For half a century, Padmaja Gokhale spent her evenings chatting with neighbours in Ganesh Krupa, a century-old chawl on Girgaum’s Khadilkar Road.
In preparation for her new, more isolated life in a high-rise building that will come up in a year’s time in the place of the chawl, she now uses her evenings to run errands.
“In a chawl, everyone keeps their doors open,” said Gokhale, 72, who moved three years ago with her family to a temporary home nearby after her chawl came down. “They watch out for one another. Life in a tower will be very different.”
The 22-storey tower will be the fourth on this street in the past five years to replace a chawl.
Girgaum’s air started filling with the sound of hammers and the hum of cement-mixers in 1999, after the state government allowed builders to redevelop the area’s crumbling buildings into high rises.
The builders had to house all the old tenants in new flats, but they could also construct and sell an equivalent number of flats at market rates. This allowed the builders not only to finance the rehabilitation of old residents but also to make a profit. In 2009, to attract more builders to the scheme, the government raised the free-sale component.
This policy attracted builders to the chawls on Khadilkar Road. Named after Krishnaji Khadilkar, a scholar and playwright who between 1908 and 1910 edited Kesari, a newspaper founded by Lokmanya Tilak, the road still exudes the middle-class ethos of its Marathi-speaking residents, many of who work in the government and public sector. The road is home to the Chikitsak Samuha Shirolkar high school, a century-old Marathi-medium school and the Swami Samarth Math, a temple patronised by the area’s Marathi-speaking residents; the Keshavji Naik Chawl, where Tilak started his public Ganesh festival, is around the corner.
But the towers have attracted other communities — mainly Gujaratis and Marwaris — who have brought their culture and purchasing power with them. Five years ago, along with the road’s first high-rise building came Girgaum’s second mall, towering over the street’s row of kirana stores and shops selling wedding cards.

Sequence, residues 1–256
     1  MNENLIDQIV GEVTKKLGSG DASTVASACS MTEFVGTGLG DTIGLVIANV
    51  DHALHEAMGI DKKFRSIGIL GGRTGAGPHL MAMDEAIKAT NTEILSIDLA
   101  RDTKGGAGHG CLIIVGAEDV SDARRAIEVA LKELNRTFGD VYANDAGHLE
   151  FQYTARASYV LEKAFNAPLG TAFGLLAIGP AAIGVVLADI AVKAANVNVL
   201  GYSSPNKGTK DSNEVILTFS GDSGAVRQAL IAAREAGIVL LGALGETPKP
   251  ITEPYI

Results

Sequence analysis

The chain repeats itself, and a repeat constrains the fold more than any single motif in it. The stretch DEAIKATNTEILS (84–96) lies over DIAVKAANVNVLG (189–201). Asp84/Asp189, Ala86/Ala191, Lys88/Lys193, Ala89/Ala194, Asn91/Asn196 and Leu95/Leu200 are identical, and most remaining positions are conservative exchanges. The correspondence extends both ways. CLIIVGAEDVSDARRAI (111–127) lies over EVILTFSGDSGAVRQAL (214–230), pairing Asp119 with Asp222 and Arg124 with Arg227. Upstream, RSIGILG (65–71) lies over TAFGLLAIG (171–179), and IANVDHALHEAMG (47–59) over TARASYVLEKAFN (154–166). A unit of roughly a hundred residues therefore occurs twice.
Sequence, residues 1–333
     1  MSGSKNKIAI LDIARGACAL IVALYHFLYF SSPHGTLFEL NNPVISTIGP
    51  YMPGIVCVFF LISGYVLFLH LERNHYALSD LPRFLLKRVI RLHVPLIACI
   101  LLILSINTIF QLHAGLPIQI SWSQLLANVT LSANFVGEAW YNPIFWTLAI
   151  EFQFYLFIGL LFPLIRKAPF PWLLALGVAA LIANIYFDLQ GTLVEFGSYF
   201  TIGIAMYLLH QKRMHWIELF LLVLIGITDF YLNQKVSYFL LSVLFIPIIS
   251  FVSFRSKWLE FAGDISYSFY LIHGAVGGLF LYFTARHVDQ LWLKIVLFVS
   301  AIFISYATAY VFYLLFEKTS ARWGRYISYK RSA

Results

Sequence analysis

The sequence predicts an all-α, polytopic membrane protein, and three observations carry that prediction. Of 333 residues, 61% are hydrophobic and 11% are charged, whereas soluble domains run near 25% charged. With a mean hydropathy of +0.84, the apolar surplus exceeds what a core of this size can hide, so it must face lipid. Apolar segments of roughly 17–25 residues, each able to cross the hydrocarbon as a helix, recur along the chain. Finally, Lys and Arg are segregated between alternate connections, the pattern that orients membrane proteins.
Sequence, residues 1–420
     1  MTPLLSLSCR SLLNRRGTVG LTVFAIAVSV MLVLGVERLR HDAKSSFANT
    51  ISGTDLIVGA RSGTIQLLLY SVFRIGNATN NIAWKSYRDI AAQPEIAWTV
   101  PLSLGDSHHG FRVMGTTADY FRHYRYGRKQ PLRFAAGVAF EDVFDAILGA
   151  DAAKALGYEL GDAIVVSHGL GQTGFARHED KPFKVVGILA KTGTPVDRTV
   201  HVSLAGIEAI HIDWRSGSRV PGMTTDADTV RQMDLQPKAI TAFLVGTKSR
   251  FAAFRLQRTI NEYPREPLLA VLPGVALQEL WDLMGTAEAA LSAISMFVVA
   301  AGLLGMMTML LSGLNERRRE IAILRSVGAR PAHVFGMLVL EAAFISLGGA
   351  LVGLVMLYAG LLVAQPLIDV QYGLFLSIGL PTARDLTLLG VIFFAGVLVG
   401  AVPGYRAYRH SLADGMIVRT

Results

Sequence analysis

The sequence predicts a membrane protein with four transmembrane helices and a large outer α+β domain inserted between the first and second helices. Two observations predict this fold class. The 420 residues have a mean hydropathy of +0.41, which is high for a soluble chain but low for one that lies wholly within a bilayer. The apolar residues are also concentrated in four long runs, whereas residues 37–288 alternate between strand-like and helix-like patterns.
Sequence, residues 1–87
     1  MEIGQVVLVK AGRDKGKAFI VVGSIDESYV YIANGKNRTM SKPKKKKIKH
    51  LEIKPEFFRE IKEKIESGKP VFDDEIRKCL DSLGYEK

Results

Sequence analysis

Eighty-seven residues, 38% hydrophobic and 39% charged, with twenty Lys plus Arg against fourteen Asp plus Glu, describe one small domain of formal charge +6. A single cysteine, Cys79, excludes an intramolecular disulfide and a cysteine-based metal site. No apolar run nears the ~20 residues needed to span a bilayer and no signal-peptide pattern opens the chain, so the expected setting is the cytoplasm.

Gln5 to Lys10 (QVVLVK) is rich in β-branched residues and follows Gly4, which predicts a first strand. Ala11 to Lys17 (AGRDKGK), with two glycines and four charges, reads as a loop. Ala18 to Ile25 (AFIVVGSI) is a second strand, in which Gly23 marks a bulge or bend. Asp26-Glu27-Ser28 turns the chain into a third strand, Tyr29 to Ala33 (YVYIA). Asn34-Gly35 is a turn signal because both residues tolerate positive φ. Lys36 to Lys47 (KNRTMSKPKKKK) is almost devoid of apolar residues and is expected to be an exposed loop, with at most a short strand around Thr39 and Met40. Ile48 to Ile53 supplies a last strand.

Although not as ritzy as some other city malls, it quickly became popular with youngsters, while a Jain temple built at around the same time won favour with their parents.
Five years ago, Sumermal Jain, a businessman, moved with his family into one of the towers, the 10-storey Jayant Apartment. “My college friends visit me and we all go to the mall,” said his daughter Neha Jain, 20. “This area is very safe and it is great to hang out in.”
Some long-standing residents also see virtues in the changes around them. “The towers have much better facilities and are more hygienic than the chawls,” said Vasant Godbole, 71, a retired chartered accountant who now teaches Sanskrit to school children and is Jain’s neighbour. “Families have more privacy.”
As redevelopment picks up pace, residents old and new face the same civic problems — of congested roads, irregular water supply and a shortage of parking space. Pankaj Joshi, an urban planner who is the director of the Urban Design Research Institute, a non-profit trust in south Mumbai, points out that the area’s narrow lanes are not equipped to handle the influx. “Some towers stand just five to six feet apart,” he said. “Can a fire engine come into these spaces?”
But, like Padmaja Gokhale, Godbole is resigned to the changing physical landscape. “More towers will no doubt come up,” he said. “But the residents should try and preserve their social and cultural traditions.”